The 52nd Venice Biennale of Contemporary Art opened to the public on 10th June. A 112-year-old institution, one of the most important events in the international art calendar, the Biennale showed signs of engagement with a fast changing twenty-first century art scene.
‘Think with the Senses, Feel with the Mind. Art in the Present Tense’, is directed by Robert Storr, the first American ever invited to curate the Biennale. With his appointment follows a string of first-time participating countries. But arguably, the most talked about newcomer is Africa. The continent, is officially included under an ‘African Pavilion’, which Storr sees ‘at the centre of, and not peripheral to, the Venice Biennale’. A statement reinforced by his recommendation to award the Golden Lion for Lifetime Achievement to Malian photographer Malick Sidibé.
The Venice Biennale has always been closed to Africa. The few exceptions being Egypt, South Africa (before the international boycott) and, in 1990, ‘Five Contemporary African Artists’ were invited to represent the continent. Since then, the art scene has considerably changed. Dak’Art, the Senegalese contemporary art biennale, has sustained itself since 1992. South Africa hosted two biennales, in 1995 and 1997, the latter curated by Okwui Enwezor who subsequently was appointed artistic director of Documenta 11 (2002). And, in 1999, with the support of the Ford Foundation, the Forum for African Arts, was created, with the mission to secure and sustain an African presence in Venice. Headed by Salah Hassan, the Forum put on two successful exhibitions: ‘Authentic/Ex-centric’ (2001), curated by Salah Hassan and Olu Oguibe and ‘Faultlines’ (2003) curated by Gilane Tawadros.
These are but a few examples of exhibitions that demonstrated contemporary art practices from Africa and the diaspora. However, it took an ‘African tour’ to Senegal, Mali, Burkina Faso and South Africa, to convince Robert Storr to make a rather belated call for proposals for an African Pavilion.*
In February 2007, a jury composed of Meskerem Assegued, Ekow Eshun, Lyle Ashton Harris, Kellie Jones and Bisi Silva selected ‘Check List – Luanda Pop’, by Simon Njami, curator of the acclaimed ‘Africa Remix’ and Fernando Alvim, director of the Luanda Triennale. The project consisted of art works belonging to Congolese-born, Luanda-based collector Sindika Dokolo. The fact that a private collection was chosen to represent the continent prompted some controversy. Added to that where allegations on the sources of the collector’s wealth.
‘Check List – Luanda Pop’ is presented at the Artiglieri dell’Arsenale and features 30 artists, with a mix of established and emerging names. The show was conceived as a manifesto around collecting practice in Africa and the uncompromised will for the continent to engage with the international art scene on its own terms. The Sindika Dokolo Collection is one of first private African collection of contemporary art and, following the withdrawal of financial support from the Biennale – on the grounds that the selected project was coming from a private collection – ‘Check List’ was entirely funded by Angolan partners.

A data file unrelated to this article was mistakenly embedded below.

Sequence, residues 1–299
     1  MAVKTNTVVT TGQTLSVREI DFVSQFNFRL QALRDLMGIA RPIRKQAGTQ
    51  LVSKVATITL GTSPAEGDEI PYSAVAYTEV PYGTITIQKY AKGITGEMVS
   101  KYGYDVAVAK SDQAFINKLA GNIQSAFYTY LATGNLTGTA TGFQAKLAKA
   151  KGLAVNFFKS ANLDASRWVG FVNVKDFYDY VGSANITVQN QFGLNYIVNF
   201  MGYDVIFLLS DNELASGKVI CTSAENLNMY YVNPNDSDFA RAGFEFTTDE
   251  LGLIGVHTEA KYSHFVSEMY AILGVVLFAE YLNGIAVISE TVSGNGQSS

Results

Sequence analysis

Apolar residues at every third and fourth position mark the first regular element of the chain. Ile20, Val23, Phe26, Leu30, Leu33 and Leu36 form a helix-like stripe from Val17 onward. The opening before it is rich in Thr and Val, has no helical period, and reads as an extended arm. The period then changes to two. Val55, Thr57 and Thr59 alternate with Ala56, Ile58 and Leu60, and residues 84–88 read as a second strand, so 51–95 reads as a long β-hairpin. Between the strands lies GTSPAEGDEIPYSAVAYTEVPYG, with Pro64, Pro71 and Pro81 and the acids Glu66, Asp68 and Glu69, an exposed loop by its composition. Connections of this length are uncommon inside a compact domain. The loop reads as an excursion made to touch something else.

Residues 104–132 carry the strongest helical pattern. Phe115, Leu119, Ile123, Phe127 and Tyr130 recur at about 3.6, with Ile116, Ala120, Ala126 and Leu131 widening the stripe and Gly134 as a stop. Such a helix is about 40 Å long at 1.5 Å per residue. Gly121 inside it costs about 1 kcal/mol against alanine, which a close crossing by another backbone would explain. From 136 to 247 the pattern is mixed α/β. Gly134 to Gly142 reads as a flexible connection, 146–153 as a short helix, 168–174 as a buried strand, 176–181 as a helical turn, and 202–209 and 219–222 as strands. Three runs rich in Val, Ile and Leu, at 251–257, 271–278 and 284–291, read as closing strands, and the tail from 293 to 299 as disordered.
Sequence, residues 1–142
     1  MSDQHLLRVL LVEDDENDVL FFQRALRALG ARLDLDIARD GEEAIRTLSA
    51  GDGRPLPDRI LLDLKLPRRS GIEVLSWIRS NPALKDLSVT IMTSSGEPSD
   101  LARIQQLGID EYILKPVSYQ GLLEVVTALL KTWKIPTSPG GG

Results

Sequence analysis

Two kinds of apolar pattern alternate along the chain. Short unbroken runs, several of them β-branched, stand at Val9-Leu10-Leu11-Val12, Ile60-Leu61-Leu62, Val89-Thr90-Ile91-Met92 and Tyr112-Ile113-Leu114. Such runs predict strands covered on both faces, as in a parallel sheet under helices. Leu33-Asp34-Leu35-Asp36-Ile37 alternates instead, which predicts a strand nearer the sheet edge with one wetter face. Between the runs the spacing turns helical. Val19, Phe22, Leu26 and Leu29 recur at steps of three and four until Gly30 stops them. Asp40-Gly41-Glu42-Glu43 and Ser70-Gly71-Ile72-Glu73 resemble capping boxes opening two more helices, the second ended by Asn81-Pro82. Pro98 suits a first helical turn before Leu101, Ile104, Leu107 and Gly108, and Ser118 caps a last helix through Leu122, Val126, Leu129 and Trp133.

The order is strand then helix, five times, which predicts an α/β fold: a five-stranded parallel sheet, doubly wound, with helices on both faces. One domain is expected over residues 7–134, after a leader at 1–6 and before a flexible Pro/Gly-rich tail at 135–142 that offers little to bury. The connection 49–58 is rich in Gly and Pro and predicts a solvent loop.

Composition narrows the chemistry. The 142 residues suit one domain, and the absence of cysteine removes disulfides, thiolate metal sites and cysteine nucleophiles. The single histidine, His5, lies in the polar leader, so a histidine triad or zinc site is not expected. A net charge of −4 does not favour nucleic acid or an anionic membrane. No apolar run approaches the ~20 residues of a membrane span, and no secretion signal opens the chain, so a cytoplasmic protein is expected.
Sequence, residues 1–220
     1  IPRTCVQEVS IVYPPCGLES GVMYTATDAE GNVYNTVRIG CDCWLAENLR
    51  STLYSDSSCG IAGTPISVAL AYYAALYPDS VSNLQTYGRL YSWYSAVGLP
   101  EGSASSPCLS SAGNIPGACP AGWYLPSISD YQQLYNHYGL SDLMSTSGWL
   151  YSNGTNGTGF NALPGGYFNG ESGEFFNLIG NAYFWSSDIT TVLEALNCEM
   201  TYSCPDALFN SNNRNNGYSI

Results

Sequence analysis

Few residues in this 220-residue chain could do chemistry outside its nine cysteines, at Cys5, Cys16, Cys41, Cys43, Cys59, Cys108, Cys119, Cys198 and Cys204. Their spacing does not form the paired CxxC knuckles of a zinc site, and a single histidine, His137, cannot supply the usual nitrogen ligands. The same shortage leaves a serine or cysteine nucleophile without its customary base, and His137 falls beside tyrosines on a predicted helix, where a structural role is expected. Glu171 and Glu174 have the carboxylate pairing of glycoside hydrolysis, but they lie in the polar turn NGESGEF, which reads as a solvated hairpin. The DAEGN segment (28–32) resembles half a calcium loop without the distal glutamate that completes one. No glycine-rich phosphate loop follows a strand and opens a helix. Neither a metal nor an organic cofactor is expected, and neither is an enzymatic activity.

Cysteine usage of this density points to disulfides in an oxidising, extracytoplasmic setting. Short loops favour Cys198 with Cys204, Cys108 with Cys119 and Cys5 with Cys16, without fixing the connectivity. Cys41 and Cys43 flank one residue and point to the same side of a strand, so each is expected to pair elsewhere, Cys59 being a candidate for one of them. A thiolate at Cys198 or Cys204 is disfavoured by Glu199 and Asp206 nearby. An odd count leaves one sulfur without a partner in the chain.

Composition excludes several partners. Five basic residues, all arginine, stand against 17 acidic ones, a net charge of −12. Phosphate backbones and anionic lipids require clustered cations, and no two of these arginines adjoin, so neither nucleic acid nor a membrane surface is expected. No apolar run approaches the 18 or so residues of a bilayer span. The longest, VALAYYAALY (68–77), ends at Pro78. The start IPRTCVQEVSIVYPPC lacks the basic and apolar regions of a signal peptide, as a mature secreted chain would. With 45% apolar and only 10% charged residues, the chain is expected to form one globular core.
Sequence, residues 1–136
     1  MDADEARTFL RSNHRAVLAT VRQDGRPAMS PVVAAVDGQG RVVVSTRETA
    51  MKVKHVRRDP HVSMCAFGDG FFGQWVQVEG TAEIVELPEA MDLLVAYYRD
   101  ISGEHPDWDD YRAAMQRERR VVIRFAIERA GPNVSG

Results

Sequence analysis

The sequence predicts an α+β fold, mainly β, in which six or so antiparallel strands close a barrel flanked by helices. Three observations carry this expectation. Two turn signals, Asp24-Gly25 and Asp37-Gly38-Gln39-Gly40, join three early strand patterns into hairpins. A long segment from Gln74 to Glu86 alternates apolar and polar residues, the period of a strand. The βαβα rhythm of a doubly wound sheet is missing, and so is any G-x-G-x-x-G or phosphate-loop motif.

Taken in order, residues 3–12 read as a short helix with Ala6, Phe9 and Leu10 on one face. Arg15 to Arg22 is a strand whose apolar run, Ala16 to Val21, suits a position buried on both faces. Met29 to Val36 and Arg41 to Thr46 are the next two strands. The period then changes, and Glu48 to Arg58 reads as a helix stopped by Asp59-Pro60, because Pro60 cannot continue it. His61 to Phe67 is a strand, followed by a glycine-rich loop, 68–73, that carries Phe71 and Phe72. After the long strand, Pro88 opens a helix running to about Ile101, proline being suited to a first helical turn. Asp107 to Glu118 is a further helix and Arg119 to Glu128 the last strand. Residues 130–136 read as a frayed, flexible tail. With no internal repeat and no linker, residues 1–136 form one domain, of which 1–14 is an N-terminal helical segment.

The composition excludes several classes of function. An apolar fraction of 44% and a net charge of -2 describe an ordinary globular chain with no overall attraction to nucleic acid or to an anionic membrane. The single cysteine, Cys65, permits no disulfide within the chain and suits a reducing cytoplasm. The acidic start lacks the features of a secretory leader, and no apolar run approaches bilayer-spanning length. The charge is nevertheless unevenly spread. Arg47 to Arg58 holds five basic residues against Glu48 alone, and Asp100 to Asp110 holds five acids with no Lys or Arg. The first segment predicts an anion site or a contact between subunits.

In terms of curatorial vision, the exhibition does not articulate any particular theme besides the intention ‘to represent the most significant panorama of today’s African creation’. It has been argued by some that such an exhibition could not claim to represent the whole continent. Safe from a few exceptions, the absence of recent South African creations was quite noticeable. So was the imbalance in regional representations. To such extent that during the presentation held by the curators on 9th June, Olivier Sultan, director of Musée des Arts Derniers (Paris), noted that given the number of Angolan artists, and those whose work engaged with Angola, like Alfredo Jarr and Dj Spooky, the show might as well have adopted a national focus. This would have clarified the curatorial rationale. Indeed, the Angolan selection is one of the highlights of the exhibition featuring new names such as Ihosvanny, Kiluanji Kia Henda, Nastio Mosquito, Ndilo Mutima and Yonamine, who explore a variety of media and provide insights into a country recovering from almost three decades of civil war (1974-2002).
Other highlights of the pavilion include Bili Bidjocka, L’Écriture Infinie #3 (2007), a participative project inviting visitors to write their comments on a book simultaneously projected on a screen; Mounir Fatmi, Save Manhattan 03 (2006-07), a ‘sound architecture’ using speakers to reproduce a pre-9/11 Manhattan; Kendell Geers, Seven Deadly Sins (2006), totem-like fluorescent neon lights; and Yinka Shonibare MBE, How to blow up two heads at once (2006), an installation of two characters, dressed in batik-like Victorian-fashioned clothes, pointing their gun at each other’s decapitated head.
‘Check List – Luanda Pop’ is one of the many flavours of contemporary art from Africa. It is hoped that the next editions of the Venice Biennale will give voice to other curatorial visions in order to reflect the artistic diversity of the continent. For Njami and Alvim, the ‘first official African Pavilion’ is not an achievement as such, but a significant step towards a long overdue recognition by such influential institution as the Venice Biennale.
First published on BBC/Africa Beyond in June 2007.
* The debate around the call for an African Pavilion was made public on ASAI website (read Open the Gate by Olu Oguibe)
For a more comprehensive review, read: Christine Eyene, “Exeunt Aesthetics: Africa at the Venice Biennale”, Third Text, Volume 21, Issue 6, November 2007.
All images: eye.on.art except otherwise stated.
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